“Millions of Americans have decided that low interest rates offer a good opportunity to refinance their homes or buy new ones.” – May 2, 2001
“To reflate the economy, the Fed doesn’t have to restore business investment; any kind of increase in demand will do…. [H]ousing, which is highly sensitive to interest rates, could help lead a recovery.” – August 14, 2001
“Low interest rates, which promote spending on housing and other durable goods, are the main answer.” – October 7, 2001
“[T]he Fed’s dramatic interest rate cuts helped keep housing strong” – December 28, 2001
“To fight this recession the Fed … needs soaring household spending to offset moribund business investment. And to do that … Alan Greenspan needs to create a housing bubble to replace the NASDAQ bubble.” – August 2, 2002
“[T]hose 11 interest rate cuts in 2001 fueled a boom both in housing purchases and in mortgage refinancing….” – October 1, 2002
“Mortgage rates did indeed fall briefly to historic lows, extending the home-buying and refinancing boom that has helped keep the economy’s head above water.” – July 25, 2003
“Low interest rates … have been crucial to America’s housing boom.” – May 20, 2005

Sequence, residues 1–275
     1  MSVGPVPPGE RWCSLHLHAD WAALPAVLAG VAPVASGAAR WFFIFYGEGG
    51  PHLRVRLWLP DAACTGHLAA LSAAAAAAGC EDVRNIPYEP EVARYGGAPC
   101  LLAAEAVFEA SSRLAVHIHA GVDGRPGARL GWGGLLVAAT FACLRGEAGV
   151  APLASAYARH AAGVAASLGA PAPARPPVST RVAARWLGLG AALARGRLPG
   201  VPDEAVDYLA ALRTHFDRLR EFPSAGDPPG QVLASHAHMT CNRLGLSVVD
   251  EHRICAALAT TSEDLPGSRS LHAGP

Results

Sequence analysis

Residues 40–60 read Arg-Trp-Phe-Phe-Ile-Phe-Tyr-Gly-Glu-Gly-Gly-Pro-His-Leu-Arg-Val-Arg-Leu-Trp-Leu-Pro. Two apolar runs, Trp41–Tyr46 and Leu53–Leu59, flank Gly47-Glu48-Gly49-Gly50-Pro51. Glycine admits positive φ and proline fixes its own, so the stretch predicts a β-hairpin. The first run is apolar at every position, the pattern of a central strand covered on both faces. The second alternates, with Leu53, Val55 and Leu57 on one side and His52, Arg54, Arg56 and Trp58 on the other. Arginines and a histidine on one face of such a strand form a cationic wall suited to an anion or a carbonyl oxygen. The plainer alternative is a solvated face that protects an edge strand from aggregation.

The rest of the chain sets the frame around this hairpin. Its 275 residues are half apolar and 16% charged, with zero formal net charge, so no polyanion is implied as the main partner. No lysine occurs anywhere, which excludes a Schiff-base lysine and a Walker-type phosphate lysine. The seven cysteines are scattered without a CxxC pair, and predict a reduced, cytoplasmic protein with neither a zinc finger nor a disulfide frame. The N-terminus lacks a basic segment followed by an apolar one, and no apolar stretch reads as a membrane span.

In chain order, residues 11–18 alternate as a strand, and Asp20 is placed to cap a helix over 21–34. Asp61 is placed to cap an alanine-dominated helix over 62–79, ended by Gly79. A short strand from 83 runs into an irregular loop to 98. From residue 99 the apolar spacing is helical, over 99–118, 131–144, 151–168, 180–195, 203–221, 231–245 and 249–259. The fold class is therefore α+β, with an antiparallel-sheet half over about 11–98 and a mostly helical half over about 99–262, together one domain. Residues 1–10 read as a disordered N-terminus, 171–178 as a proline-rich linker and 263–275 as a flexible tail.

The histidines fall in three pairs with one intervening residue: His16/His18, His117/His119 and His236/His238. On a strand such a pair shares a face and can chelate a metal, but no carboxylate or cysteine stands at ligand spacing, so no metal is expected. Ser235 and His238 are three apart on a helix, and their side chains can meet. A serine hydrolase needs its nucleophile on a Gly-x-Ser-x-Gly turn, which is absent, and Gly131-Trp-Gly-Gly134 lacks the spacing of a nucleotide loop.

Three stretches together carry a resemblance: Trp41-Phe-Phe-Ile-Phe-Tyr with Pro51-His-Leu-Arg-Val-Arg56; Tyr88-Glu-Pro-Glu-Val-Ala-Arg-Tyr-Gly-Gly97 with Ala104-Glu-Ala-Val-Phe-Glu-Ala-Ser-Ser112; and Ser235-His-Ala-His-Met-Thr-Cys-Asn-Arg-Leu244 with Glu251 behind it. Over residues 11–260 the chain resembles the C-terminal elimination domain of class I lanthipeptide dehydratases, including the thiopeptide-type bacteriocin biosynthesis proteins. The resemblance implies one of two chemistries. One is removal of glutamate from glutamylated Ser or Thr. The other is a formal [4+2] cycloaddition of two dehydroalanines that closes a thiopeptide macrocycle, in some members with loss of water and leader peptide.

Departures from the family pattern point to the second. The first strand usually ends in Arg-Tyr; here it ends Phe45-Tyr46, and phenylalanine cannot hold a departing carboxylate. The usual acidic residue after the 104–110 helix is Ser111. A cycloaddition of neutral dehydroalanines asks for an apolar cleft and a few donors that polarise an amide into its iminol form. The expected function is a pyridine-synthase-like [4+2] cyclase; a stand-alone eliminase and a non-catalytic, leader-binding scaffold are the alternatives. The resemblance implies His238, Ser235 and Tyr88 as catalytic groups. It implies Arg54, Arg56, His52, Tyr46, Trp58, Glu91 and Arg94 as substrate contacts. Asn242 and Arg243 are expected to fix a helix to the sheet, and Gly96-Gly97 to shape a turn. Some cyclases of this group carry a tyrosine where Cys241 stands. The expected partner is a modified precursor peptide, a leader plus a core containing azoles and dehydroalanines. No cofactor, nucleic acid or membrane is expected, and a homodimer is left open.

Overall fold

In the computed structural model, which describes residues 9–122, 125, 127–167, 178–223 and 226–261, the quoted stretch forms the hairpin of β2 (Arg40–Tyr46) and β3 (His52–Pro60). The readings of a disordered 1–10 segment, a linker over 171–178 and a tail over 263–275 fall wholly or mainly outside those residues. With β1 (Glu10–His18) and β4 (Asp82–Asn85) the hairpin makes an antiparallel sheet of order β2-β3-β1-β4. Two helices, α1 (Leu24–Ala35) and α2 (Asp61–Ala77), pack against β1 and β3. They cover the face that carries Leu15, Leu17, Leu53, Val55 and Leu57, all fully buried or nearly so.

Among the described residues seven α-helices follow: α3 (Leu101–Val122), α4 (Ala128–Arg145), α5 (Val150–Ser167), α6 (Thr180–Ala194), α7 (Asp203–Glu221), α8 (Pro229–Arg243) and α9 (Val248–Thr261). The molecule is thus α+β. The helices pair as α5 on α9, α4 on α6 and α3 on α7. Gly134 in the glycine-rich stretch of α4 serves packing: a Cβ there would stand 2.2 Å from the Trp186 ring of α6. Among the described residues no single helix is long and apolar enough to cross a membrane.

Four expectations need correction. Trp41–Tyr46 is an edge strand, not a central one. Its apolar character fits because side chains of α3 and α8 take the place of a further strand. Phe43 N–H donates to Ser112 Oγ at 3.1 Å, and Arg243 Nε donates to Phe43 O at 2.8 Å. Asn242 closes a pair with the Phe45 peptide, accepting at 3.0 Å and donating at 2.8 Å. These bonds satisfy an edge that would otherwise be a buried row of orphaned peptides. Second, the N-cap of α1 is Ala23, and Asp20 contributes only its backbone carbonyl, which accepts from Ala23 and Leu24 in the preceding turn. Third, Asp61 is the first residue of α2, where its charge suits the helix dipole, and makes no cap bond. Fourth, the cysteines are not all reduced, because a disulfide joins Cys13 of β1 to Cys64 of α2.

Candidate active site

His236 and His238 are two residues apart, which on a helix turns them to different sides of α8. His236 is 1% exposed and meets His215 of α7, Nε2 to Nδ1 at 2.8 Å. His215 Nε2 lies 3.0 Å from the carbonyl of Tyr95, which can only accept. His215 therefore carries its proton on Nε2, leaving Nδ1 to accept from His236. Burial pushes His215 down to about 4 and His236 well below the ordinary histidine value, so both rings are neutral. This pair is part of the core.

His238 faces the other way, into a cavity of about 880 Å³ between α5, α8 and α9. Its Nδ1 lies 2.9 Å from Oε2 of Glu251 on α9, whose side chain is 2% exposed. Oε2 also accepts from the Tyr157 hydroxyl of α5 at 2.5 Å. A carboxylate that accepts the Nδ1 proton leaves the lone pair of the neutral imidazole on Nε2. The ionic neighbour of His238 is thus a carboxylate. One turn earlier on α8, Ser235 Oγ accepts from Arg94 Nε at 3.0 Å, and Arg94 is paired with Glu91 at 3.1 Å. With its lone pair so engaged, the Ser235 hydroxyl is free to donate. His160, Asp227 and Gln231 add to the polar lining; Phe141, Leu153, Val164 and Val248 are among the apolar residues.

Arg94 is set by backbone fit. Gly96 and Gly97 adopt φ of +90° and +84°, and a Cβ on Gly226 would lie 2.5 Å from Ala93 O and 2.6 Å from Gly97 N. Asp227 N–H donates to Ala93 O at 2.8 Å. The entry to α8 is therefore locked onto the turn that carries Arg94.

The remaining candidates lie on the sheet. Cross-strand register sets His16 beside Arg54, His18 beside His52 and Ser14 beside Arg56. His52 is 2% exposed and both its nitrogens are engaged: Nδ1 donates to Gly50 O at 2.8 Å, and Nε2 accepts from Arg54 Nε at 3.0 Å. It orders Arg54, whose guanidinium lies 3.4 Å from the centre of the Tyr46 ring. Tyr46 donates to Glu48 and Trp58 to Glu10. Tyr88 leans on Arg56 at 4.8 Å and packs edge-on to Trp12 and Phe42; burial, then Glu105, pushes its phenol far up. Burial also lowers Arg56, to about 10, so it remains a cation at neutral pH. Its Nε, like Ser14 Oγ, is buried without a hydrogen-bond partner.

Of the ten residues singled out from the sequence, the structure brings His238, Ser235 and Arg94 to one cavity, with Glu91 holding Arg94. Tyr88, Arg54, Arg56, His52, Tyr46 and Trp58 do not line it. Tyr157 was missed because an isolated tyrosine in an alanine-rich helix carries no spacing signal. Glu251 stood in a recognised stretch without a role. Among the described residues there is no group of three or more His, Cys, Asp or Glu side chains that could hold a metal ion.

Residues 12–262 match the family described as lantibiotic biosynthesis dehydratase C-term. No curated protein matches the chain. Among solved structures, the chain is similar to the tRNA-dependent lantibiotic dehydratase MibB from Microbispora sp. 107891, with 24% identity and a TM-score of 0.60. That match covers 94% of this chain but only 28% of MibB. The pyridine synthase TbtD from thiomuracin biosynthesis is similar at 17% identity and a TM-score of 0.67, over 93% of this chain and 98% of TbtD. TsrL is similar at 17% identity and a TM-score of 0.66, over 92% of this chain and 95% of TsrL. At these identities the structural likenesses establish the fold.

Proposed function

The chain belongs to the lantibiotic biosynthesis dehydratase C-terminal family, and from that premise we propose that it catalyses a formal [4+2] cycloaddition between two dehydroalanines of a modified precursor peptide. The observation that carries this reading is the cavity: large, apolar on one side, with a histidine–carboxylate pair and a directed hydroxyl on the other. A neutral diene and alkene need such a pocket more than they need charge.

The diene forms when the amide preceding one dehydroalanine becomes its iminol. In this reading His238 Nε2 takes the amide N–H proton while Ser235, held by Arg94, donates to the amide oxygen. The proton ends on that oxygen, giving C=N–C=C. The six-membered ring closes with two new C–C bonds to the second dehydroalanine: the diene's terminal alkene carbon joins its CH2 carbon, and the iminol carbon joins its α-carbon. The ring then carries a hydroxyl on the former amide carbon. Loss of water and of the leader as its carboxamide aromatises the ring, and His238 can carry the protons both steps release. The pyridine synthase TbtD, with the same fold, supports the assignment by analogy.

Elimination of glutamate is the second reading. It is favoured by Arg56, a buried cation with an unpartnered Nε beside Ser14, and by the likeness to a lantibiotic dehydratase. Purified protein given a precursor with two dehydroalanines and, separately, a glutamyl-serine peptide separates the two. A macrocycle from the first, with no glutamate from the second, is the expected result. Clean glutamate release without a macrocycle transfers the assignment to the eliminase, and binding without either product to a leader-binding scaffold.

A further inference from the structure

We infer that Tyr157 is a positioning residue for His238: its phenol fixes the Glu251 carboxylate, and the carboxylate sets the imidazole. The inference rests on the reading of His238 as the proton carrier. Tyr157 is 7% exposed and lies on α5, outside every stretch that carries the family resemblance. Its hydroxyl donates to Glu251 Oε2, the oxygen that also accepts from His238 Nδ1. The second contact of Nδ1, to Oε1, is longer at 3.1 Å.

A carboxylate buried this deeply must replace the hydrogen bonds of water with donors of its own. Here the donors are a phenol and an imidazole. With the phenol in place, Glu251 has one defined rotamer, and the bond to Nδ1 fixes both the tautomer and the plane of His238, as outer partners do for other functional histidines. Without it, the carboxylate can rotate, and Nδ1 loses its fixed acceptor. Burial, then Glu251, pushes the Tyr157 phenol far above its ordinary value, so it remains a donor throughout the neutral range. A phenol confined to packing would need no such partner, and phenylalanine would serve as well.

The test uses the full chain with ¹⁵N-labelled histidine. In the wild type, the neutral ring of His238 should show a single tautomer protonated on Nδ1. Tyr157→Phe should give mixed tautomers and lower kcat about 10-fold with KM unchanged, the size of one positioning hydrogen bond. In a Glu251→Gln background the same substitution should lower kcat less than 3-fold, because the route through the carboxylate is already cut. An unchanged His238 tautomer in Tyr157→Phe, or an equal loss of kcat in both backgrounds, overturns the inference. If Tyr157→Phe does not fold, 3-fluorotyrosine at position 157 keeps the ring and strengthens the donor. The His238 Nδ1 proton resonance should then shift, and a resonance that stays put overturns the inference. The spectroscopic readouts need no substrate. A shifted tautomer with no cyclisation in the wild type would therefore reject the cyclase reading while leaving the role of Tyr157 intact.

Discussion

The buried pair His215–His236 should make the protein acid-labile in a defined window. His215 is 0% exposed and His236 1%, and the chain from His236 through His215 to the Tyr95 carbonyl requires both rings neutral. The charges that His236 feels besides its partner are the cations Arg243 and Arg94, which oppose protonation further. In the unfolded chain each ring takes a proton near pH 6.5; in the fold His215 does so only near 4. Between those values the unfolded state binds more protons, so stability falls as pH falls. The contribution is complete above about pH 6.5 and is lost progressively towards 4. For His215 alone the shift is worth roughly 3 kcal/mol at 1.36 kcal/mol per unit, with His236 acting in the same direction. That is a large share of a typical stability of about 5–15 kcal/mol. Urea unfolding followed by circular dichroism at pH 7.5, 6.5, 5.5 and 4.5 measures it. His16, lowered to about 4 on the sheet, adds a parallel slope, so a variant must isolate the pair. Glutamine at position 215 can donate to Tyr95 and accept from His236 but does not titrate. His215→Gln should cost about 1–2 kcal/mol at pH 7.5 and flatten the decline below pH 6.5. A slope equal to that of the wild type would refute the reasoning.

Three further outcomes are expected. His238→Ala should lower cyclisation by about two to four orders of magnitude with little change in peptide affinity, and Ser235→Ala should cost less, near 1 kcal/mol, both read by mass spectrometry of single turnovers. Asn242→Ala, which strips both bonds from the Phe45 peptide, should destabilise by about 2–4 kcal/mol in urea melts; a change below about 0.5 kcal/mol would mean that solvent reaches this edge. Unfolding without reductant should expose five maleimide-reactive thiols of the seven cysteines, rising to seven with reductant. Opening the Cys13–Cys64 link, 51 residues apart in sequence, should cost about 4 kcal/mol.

“Now the question is what can replace the housing bubble…. But the Fed does seem to be running out of bubbles.” – May 27, 2005
“[T]he Federal Reserve successfully replaced the technology bubble with a housing bubble. But where will the Fed find another bubble?” – August 7, 2006
“Back in 2002 and 2003, low interest rates made buying a house look like a very good deal. As people piled into housing, however, prices rose—and people began assuming that they would keep on rising.” – July 27, 2007
Which economists said those things?
Actually, all of those quotes are from the same person. A person who just so happens to be Nobel Prize-winning economist who is also a well-known newspaper columnist. Yes, all of the above quotes are from Paul Krugman, whose record on the housing bubble I documented in my book Ron Paul vs. Paul Krugman: Austrian vs. Keynesian economics in the financial crisis.
The facts didn’t change, but Krugman’s tune certainly did. This is easily explained. When he thought creating a boom in housing was the solution to fixing the economy, he was happy to brag about how it was a result of the policy he advocated of lowering interest rates. In fact, he criticized the Fed for not lowering rates enough. But, as everyone now knows, the housing bubble didn’t turn out so well. Krugman couldn’t admit that his policy prescription had been wrong, much less acknowledge that his entire Keynesian economic ideology upon which he based it was fundamentally unsound, and so you have such intellectually dishonest attempts to obfuscate the truth as his recent column.